Netflix isn't the first on-demand movie service to Ireland, but it is the one technology observers have been waiting for.
Despite being in existence since 1997, Netflix has shown little to no interest in overseas markets until it announced plans last year to expand into UK, Europe, Latin and Central America and, of course, Ireland.
If Netflix takes off here it should trump them all and assume the same dominant position it enjoys in the US, where it accounts for almost a third of all bandwidth consumed. Anything less than market dominance would be considered a failure. Standing in its way are illegal file sharing, console platforms like Xbox LIVE, Apple TV, rent-by-post service Screenclick and catch-up websites like RTÉ Player and 4OD.
At €6.99 per month (first month free for now), Netflix's flat rate subscription is less than the price of a single cinema ticket or rental of two new releases from a high street video store.
It's also cheaper than renting through Apple TV and Xbox LIVE and it has a far better catalogue. As iTunes has shown, even when technology makes piracy simple, people are happy to part with money for a safe, convenient, legal alternative.
The question is whether the arrival of Netflix represents a final victory for on-demand content over broadcast TV as we know it? Should people be throwing out their TVs in favour of oversized monitors and external sound systems? Let's look at the possible winners and losers.
At first glance broadcast TV will be the first casualty of Netflix's arrival, but the medium has proven far more robust than it is given credit for. To date, broadcast has survived the VCR, piracy, hard disk recorders, PVR boxes that record entire series with one touch of a button and the proliferation of ever more specialised channels offering magazine shows and curated recycling of low common denominator material like Top Gear, Friends and whatever 'classics' you're having yourself.
A worst case scenario would see ad revenue migrate away from broadcasters, leading to a squeeze on budgets and, ultimately, less material being produced.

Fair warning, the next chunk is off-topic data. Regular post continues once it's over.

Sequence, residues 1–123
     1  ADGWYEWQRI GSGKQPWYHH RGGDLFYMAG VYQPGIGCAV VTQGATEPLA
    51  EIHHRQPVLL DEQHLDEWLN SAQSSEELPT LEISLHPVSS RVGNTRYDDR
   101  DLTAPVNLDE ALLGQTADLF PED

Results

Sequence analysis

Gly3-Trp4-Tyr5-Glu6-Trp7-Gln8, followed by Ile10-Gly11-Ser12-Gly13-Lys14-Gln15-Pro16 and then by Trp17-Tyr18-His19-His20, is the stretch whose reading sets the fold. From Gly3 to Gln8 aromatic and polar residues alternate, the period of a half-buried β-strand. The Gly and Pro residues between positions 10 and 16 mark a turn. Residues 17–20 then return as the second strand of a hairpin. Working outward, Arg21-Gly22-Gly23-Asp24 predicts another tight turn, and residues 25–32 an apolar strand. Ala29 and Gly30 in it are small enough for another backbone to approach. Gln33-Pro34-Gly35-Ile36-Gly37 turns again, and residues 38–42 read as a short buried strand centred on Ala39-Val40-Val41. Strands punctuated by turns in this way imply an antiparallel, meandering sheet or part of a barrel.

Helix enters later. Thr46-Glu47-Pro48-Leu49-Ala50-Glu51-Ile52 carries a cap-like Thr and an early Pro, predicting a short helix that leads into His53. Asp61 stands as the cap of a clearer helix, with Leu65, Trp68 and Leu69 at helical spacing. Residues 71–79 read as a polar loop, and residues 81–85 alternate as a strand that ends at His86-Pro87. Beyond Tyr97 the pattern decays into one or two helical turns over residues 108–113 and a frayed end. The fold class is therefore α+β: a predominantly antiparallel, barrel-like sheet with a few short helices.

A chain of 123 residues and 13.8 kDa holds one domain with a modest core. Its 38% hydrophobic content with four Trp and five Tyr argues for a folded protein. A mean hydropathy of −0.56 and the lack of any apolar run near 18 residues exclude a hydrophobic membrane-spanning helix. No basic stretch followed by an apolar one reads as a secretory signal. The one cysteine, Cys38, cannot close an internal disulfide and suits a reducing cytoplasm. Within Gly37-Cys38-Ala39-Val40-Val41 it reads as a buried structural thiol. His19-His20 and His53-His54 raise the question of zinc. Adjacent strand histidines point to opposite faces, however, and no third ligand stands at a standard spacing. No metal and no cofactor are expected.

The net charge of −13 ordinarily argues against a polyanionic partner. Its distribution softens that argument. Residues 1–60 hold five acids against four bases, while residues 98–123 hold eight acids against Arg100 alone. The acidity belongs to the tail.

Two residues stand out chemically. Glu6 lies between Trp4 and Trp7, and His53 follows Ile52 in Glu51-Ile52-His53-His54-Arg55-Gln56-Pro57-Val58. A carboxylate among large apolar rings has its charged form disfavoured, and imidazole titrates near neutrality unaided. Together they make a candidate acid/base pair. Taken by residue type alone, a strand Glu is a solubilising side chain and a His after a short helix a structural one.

This argument may hold water for expensive dramas like Dr Who or comedies like The IT Crowd, but for magazine shows, current events and sports coverage broadcast can't be beaten. If channels have a catch-up service in place then Netflix really isn't something worth worrying about.
One group that definitely will feel the strain is broadband providers. Netflix's website states a minimum speed of 500Kb/s is all that's required. This is a modest standard in urban areas, but it's a recipe for havoc elsewhere, particularly given the Government's target of getting a minimum standard of 1.6Mb/s under the national broadband strategy.
Given the wild variation in what networks promise (speeds "up to") and what they can actually deliver, there may be more than a few unhappy customers amongst early adopters. Oversubscribed mobile broadband networks won't win any new advocates.
At a first pass the arrival of Netflix is another nail in the coffin retails chains, whose business has migrated away from music to DVD box sets and technology. With iTunes in control of music retail and Netflix handling video it's hard to see how the high street can keep up.
As sales continue to decline and chains like HMV register record losses it's arguably a matter of when, not if, we start to see some high profile closures.
Still, there is some hope for stores if they focus on customer service, providing expert opinion on products and finding a way to turn stores into social hubs, just as bookshops managed to do. A well-kept store, knowledgeable staff and good coffee goes a long way.
Ultimately it's the market that decides, and in the case of Netflix that varies from the casual viewer to the devoted cinephile. If the latter can't be serviced, you can be fairly sure the former are unlikely to be won over.
Judging by the reception on social media websites at time of launch, the limited catalogue has attracted some criticism. If you're looking for a steady diet of avant garde film and cult classics you will be disappointed, but low- to middle- brows will have enough to justify the subscription price.
Will Netflix do the business in Ireland? It's cheap enough to be a painless addition to anyone's home entertainment set-up, and is a decent alternative to subscription movie channel packages. If anything, Netflix will force the home entertainment sphere to better itself, and that will only be a good thing for customers.
Niall Kitson is editor of TechCentral.ie www.techcentral.ie